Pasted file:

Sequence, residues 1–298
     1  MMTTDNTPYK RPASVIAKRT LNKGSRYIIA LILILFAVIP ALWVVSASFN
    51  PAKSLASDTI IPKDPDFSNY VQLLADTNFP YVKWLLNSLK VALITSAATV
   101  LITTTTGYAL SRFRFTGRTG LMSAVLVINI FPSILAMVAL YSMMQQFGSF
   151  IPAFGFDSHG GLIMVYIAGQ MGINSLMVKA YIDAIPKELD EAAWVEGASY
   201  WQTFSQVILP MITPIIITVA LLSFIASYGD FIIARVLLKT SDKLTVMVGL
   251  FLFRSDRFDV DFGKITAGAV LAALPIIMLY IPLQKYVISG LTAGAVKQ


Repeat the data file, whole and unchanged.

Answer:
Sequence, residues 1–298
     1  MMTTDNTPYK RPASVIAKRT LNKGSRYIIA LILILFAVIP ALWVVSASFN
    51  PAKSLASDTI IPKDPDFSNY VQLLADTNFP YVKWLLNSLK VALITSAATV
   101  LITTTTGYAL SRFRFTGRTG LMSAVLVINI FPSILAMVAL YSMMQQFGSF
   151  IPAFGFDSHG GLIMVYIAGQ MGINSLMVKA YIDAIPKELD EAAWVEGASY
   201  WQTFSQVILP MITPIIITVA LLSFIASYGD FIIARVLLKT SDKLTVMVGL
   251  FLFRSDRFDV DFGKITAGAV LAALPIIMLY IPLQKYVISG LTAGAVKQ